What difference does it make? – Part I

And we rejoice in the hope of the glory of God. Not only so, but we also rejoice in our sufferings, because we know that suffering produces perseverance; perseverance character, and character, hope. 

Romans 5:2-4

I was talking to a friend, who had had some business with some Muslims, and he was explaining how friendly they were, and eager to help in any way they could. As I mentioned that perhaps we, as Christians, should learn from that kind of attitude, it was explained to me that the Islamic religion is based on the belief that salvation is achieved through good deeds. It occurred to me that we should be fulfilling good deeds, not because we believe we will be saved by them, but with an eager heart that likens that of our Father, Creator and Saviour.

Why do we find it so tiresome to do good? There always seems to be boundaries as to the degree to which we help others. So what difference does it make to have an attitude of using each and every opportunity to show our love in Christ to others? As part of a project at church, I have been door knocking with another church member, speaking to residents around church and finding out whether the church can be of any assistance to them in their every day life. We had a few doors slammed in our faces, one particular man couldn’t help comment that he doesn’t come shoving science down our throats, so why should we come round selling God? (I imagine his face if he knew that I have spent the last three years studying science, whilst worshiping a God who is perfectly alive and relevant today!?) The amount of promising conversations we have had, compared to the relatively large number of hostility we have experienced makes me question the purpose. If God truly wants these people to come to Him, surely He will speak to them in appropriate ways, without wasting time? Then again, we might be that appropriate way, and He may as well just be teaching us some lessons as well.

Two of the most inspiring people I know are my church’s pastor and his wife. They both seem to radiate a wave of calm and joy onto those around them; you cannot help but enjoy and seek their presence, and learn. What makes them incredibly like-able is the amount of time they have for those around them. They spend hours invested in helping people, providing them with emotional support and making sure that those in need receive whatever they require. Most people are incredibly grateful for their help, but I’m sure that some people show greed and contempt. People, as human as they are, go round in circles. As humans, we take, make promises, break promises, try to break old habits, go back to old habits. The easiest thing figured out – how to live a life pleasing to God – is the hardest one lived in real life.

Learn to do right! Seek justice, encourage the oppressed. Defend the cause of the fatherless, plead the case of the widow.

Isaiah 1:17

But Jesus didn’t die for His people to live a fruitless life. Scientific studies have shown that people who are more likely to help others and are more compassionate towards those around them have more of the hormone oxytocin in their bodies; a hormone that is called the ‘happy hormone’ because it elicits positive feelings, resulting in a stronger immune system and thus better health (watch the video to hear all about it!)

Learning to do right isn’t just to benefit those around us, it is a carefully designed way of experiencing a shared love that will benefit ourselves as well. When we do what is right – loving God and loving our neighbours (Matthew 22:37-39), we are creating building blocks with which God can build His kingdom; we are showing others what that kingdom looks like by revealing our own characters. And these deeds are character forming – a character with which such deeds and actions become natural. So it’s a cycle of doing good to create a character which seeks to do good.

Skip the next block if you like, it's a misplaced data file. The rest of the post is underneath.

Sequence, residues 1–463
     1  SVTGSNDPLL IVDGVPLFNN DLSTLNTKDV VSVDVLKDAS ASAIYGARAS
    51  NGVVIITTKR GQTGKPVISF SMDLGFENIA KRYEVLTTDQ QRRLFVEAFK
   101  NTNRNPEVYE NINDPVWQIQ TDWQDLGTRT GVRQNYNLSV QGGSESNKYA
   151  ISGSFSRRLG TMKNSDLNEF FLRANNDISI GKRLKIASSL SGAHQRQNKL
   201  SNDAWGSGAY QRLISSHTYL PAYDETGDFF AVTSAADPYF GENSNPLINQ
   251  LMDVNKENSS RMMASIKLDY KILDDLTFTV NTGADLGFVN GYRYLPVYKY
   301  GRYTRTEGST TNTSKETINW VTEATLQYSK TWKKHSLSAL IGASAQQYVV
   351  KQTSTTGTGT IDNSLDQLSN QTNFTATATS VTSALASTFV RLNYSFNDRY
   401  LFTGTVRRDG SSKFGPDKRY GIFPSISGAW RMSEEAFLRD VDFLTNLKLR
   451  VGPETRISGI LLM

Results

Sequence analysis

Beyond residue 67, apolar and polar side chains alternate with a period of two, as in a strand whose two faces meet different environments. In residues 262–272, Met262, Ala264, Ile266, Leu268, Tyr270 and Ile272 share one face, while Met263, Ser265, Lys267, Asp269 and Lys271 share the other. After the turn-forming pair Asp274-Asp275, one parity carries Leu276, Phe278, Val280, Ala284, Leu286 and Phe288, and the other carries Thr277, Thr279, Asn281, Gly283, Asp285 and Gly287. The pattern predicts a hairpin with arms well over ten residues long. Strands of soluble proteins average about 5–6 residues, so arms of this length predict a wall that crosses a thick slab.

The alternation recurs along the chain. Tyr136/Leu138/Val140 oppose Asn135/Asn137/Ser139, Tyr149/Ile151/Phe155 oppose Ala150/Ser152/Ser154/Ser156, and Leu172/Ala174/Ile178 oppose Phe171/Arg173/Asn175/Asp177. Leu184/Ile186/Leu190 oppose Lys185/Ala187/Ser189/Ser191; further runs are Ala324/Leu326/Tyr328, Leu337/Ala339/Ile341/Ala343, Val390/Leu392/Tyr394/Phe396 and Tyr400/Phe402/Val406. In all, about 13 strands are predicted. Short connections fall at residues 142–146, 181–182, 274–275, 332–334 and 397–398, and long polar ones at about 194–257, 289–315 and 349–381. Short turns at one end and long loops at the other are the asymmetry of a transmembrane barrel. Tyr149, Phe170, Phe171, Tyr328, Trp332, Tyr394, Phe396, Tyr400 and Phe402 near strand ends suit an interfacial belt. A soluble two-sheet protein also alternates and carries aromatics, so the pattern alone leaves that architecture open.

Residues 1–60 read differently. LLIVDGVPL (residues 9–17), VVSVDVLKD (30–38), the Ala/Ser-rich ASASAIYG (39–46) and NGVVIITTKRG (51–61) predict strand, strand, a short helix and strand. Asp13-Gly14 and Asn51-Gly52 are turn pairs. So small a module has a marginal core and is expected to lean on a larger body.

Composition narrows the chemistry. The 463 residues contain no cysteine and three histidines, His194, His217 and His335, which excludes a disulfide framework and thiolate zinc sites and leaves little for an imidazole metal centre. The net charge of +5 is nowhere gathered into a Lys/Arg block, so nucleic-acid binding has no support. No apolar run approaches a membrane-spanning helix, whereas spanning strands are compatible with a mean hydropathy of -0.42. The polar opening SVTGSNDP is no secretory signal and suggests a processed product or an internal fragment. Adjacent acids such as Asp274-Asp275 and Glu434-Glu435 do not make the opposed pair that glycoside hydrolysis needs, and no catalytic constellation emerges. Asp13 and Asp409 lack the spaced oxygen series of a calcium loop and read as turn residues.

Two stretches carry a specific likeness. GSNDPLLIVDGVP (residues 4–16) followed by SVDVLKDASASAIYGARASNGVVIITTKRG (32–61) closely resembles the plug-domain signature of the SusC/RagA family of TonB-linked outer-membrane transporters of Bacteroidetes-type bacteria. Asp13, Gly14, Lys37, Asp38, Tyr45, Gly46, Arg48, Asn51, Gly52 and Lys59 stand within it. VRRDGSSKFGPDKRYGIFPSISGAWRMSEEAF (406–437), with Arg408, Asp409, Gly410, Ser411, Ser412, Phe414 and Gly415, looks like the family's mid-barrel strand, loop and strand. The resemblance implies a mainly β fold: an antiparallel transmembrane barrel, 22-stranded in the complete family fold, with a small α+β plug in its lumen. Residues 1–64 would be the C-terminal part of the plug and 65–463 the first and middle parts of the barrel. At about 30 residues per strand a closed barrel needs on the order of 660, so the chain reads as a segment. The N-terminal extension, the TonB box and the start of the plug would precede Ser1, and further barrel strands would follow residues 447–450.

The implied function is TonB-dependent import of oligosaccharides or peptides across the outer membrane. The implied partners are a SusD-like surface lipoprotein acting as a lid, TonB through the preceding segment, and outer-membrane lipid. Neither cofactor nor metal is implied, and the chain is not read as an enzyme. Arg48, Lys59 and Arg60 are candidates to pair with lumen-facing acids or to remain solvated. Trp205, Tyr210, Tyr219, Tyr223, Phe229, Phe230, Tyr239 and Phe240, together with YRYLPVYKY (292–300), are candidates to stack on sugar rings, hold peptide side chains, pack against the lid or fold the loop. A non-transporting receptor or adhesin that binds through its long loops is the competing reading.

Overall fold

God’s plan for every concept on earth is so amazingly wonderful; it seems He loves full circles and symmetry. So then, the difference it makes is not just found in the person that our actions are directed towards. It’s found in the person who is doing the action. And that’s incredible because if people turn away and sneer at the good that Christians are trying to do; then it doesn’t matter, because that work has not gone to waste. God works in wonderful ways, and He is forever faithful in the promises He has made:

Let us hold unswervingly to the hope we profess, for he who promised is faithful.

Hebrews 10:23

Sometimes we may feel like we are in a wrong place to do things. When we know we have done wrong or have attitudes that are not glorifying to God, it seems more appropriate to shy away from trying to do things that, on the surface, appear to come from a humble and loving heart, when inside, that’s not the case. The willingness to change must surely be of great value in God’s eyes, and a starting point to work with. So if we set our sails and start becoming active in whatever God gives us to do (there’s always something to do!), then He has something which we are offering up to Him, with which He can work, slowly changing our hearts and renewing our minds (Romans 12:2). ‘God doesn’t call the equipped; He equips the called’ – that’s the difference it makes!


One response to “What difference does it make? – Part I

  1. thats brilliant as no matter who so ever you are, where we have come from or where we think we are going God gives us everything we need, the tools an oppurtunities to make a difference and show his love through us.

    thank you for this 🙂

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